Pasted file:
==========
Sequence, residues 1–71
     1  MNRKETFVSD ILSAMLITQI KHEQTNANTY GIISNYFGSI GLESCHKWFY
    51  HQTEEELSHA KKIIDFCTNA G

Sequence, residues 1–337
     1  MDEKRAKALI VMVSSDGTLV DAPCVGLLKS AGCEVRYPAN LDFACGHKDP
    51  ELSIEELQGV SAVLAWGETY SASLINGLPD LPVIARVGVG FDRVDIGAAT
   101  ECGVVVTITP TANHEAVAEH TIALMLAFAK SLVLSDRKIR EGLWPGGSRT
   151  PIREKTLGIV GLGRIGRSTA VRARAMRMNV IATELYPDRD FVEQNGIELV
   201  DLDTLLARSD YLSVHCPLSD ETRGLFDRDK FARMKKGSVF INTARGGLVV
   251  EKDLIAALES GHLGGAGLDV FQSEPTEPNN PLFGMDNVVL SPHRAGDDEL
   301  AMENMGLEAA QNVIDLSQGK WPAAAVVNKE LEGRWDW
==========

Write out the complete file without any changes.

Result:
Sequence, residues 1–71
     1  MNRKETFVSD ILSAMLITQI KHEQTNANTY GIISNYFGSI GLESCHKWFY
    51  HQTEEELSHA KKIIDFCTNA G

Sequence, residues 1–337
     1  MDEKRAKALI VMVSSDGTLV DAPCVGLLKS AGCEVRYPAN LDFACGHKDP
    51  ELSIEELQGV SAVLAWGETY SASLINGLPD LPVIARVGVG FDRVDIGAAT
   101  ECGVVVTITP TANHEAVAEH TIALMLAFAK SLVLSDRKIR EGLWPGGSRT
   151  PIREKTLGIV GLGRIGRSTA VRARAMRMNV IATELYPDRD FVEQNGIELV
   201  DLDTLLARSD YLSVHCPLSD ETRGLFDRDK FARMKKGSVF INTARGGLVV
   251  EKDLIAALES GHLGGAGLDV FQSEPTEPNN PLFGMDNVVL SPHRAGDDEL
   301  AMENMGLEAA QNVIDLSQGK WPAAAVVNKE LEGRWDW